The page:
Silent specters, JET, Berlin, 2007

The unsung apparitions of this exhibition are those of history and the subject’s processes of becoming. Yet they are only playing dead, for such phantoms haunt us ceaselessly. Because attempts to contact them commonly fail, Flo Maak instead works in the hope that they might be encountered through images. Ideally, this might mean by determining the place from which they observe us.

Illuminated with magical light, a photograph of jammed together chairs that have been bound together with strips of fabric, like most of Flo Maak’s works, documents a found situation. In Maak’s work, incidental everyday encounters—usually fixed in photographs and expanded by spatial arrangements—render the loss of the past visible while evoking the possibility of another, liberated reality. In The barricading of the emergency exits with chairs jammed together prevents the continued use of the elevators on account of safety regulations the chairs, bereft of their initial function, appear to be standing by for some alternate purpose. Corresponding to breakdowns in everyday communication, a necessity for interruption is here posited as an essential step towards a good life, while at the same time such situations foreground ambivalence and a vague feeling of menace.

A picture of a brightly lit toilet cubicle is the only photograph in the exhibition that has been staged. It is part of a larger group of works that investigate public toilets. Its title The door closes, the light stays on underlines the fact that particular sites function as an enclave for private needs within the public realm. It also points to the normative authority of such a site for the purposes of gender segregation within social contexts. The light in the photograph blows out into pure white, bleaching the site of its intended function and raising instead the possibility of its conversion for other more sensuous purposes.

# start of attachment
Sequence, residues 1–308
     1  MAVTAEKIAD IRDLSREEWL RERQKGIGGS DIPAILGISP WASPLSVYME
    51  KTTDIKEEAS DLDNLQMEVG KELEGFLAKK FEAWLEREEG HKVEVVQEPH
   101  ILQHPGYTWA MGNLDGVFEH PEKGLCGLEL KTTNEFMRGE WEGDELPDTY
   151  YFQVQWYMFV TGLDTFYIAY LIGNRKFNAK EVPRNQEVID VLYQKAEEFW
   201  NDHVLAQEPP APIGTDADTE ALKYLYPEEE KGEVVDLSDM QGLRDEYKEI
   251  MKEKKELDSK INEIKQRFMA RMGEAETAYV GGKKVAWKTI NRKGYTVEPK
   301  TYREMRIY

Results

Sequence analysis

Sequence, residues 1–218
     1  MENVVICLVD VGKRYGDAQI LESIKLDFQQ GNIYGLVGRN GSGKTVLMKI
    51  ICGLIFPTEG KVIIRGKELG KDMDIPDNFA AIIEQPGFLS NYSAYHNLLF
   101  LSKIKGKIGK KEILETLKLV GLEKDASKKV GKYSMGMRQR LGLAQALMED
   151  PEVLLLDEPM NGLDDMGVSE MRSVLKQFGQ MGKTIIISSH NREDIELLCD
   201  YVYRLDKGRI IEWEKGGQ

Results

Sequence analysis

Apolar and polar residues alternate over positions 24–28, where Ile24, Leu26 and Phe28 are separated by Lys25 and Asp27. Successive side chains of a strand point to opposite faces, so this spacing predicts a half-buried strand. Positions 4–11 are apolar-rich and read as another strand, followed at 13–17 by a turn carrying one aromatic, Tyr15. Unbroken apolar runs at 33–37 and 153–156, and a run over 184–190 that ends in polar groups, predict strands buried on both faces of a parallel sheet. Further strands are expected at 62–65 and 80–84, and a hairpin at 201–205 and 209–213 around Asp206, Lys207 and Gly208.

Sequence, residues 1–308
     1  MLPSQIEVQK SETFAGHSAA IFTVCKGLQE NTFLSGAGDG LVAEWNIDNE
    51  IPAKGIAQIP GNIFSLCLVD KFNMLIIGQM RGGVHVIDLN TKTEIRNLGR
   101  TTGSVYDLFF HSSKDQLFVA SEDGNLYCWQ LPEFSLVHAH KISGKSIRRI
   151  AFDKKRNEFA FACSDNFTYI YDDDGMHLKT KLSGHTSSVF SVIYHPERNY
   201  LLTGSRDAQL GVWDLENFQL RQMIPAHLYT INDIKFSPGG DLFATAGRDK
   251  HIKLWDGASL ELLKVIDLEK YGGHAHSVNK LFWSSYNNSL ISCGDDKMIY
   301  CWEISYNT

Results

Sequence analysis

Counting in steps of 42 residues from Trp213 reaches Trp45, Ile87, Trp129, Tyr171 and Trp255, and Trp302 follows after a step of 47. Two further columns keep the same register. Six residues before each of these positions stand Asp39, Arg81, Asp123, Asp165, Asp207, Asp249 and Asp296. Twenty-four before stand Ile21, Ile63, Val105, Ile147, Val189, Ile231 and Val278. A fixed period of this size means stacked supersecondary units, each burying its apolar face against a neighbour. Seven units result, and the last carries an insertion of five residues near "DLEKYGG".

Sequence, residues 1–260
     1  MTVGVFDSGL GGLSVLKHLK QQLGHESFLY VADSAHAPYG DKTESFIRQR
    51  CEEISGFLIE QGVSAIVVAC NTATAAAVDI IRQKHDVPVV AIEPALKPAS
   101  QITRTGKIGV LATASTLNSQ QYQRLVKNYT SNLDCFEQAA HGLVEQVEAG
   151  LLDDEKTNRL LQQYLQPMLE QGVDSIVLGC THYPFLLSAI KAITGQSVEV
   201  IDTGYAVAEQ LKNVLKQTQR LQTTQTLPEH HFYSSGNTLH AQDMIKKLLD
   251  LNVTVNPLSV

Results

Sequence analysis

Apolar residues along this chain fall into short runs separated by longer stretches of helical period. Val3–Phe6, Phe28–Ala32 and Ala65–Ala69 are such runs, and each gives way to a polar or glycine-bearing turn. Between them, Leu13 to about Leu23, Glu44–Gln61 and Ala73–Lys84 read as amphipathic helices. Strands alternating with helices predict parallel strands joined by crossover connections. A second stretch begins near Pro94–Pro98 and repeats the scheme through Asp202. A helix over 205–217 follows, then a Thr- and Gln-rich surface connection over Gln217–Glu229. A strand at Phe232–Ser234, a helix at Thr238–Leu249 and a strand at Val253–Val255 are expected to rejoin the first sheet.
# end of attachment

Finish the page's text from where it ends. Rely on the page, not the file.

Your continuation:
While searching for holiday accommodation they chance upon a house on a hill near Pompeii. They enjoy the view of the sea and converse about dead revolutionaries and coming revolutions. It turns out that the late owner of the villa was a communist, art historian and formerly a prominent lecturer on proletarian photography. The previous sentences are the title of an installation constituted by a photograph, an object and a film. The photograph was casually taken in a holiday home in southern Italy. It was only later that Flo Maak learned of the story of its late owner, Dr. Richard Hiepe—an art historian and publisher of the Marxist magazine “Tendenzen” (Tendencies). Because of his membership of Germany’s Communist party, Hiepe was denied a professorship in Germany. While image and object present the melancholic residue of this lost story, the film takes the exhibited photograph as its subject and embarks on a science-fiction like trip with it into the past future.

What remains in the end is loss. In the centre of the exhibition a small-scale picture in a black frame is placed on the floor. It is an image of a bouquet of flowers emerging from a shadow with two daffodils bourgeoning from its faded centre. According to ancient mythology such flowers bloomed after the death of the beautiful youth Narcissus, who, besotted by his own reflection in water, drowned while trying to embrace himself. The melancholic traces that each individual carries within as an index of their own development as a subject seems in Narcissus to have attained an uncanny degree of condensation.